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dc.contributorColin Druryen_US
dc.contributorLi Linen_US
dc.contributorCerry M. Klein Program Manageren_US
dc.contributor.authorRajan Batta Principal Investigatoren_US
dc.datestart 07/01/2005en_US
dc.dateexpiration 06/30/2009en_US
dc.date.accessioned2014-04-02T18:15:56Z
dc.date.available2014-04-02T18:15:56Z
dc.date.issued2014-04-02
dc.identifier0500241en_US
dc.identifier.urihttp://hdl.handle.net/10477/22328
dc.descriptionGrant Amount: $ 327000en_US
dc.description.abstractThis grant provides funding for the conceptualization and development of a scientific platform for the design of airport security systems. In the first part, we consider the selection of passengers into groups in a purely random manner (without knowledge of their individual attributes). We first consider a static model in which the temporal aspect of passenger arrivals is ignored. We then take this basic model and enhance it by incorporating the temporal effects of arriving passengers. Two cases are analyzed. We investigate a queuing model, which considers each check station as an independent M/M/c queue operating in steady state and models passenger arrivals using a time-homogeneous Poisson stream. We also investigate a simulation model that captures the non-steady state behavior of the system and allows for a general representation of the passenger arrival process. The second part of our work will investigate: (i) the potential improvement in the efficiency of the security system by using passenger attributes in assigning groups; and (ii) the analysis of the case where several check stations can work in unison to detect a threat item. <br/> <br/>If successful, the results of this research will be useful to several federal agencies, including the TSA, FAA and the Department of Homeland Security division of the federal government. The proposed work will lead to a better understanding as to how security procedures should be changed in response to changes in the overall threat probability. Finally, it would provide a quantitative framework to understand (i) the potential efficiency improvements that are likely to arise due to the use of individual attributes in passenger assignments to groups, and (ii) consideration of joint response of equipment to the presence of a potential threat item.en_US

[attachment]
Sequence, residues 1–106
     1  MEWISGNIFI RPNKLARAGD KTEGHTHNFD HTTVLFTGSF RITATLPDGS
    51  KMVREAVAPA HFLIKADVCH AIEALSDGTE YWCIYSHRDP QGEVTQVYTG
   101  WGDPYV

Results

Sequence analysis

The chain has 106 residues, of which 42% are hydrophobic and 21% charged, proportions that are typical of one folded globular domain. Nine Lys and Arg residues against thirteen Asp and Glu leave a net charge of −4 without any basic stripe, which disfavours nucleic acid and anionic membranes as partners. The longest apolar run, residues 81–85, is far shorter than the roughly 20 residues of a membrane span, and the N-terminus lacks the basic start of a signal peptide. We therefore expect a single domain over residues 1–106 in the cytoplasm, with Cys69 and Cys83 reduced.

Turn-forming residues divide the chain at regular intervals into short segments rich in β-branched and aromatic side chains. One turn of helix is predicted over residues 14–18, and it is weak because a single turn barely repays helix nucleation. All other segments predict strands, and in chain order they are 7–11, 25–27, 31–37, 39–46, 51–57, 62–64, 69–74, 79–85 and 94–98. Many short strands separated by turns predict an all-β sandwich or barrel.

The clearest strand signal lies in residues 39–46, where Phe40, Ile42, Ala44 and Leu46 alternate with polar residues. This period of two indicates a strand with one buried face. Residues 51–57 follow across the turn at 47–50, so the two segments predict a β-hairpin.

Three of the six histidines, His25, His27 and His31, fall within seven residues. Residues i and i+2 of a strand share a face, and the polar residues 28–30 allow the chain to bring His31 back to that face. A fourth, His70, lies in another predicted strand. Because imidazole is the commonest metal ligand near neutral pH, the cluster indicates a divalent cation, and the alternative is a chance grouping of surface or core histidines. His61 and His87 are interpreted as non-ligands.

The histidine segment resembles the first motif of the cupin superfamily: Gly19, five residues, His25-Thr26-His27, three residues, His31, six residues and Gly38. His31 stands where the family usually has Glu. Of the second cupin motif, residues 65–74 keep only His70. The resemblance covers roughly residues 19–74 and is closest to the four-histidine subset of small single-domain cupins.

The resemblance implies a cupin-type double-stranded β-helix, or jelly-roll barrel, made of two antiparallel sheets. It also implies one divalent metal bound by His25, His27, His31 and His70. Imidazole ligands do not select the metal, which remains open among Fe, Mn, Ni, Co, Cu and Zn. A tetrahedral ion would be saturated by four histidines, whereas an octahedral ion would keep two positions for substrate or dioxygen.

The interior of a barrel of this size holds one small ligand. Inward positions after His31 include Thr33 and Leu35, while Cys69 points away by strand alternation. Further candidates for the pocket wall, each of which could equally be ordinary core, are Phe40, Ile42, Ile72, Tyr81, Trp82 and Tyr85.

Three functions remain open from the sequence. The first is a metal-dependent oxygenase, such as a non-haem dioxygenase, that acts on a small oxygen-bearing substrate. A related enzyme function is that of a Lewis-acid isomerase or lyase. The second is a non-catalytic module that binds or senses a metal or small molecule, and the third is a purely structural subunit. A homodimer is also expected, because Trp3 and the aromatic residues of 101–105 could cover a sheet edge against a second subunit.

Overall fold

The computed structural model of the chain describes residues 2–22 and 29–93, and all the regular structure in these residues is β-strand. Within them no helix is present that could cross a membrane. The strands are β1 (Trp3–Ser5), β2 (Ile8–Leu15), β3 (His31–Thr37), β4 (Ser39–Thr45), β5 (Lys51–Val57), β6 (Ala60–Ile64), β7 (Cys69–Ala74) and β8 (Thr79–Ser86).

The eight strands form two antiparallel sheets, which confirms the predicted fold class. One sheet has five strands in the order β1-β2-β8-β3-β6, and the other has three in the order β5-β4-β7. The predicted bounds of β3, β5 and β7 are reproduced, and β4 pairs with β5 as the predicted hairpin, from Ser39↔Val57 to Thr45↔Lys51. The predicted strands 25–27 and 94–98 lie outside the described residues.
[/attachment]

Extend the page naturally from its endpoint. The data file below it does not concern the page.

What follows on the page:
dc.titleInspection Strategies in Airport Security Systemsen_US
dc.typeNSF Granten_US


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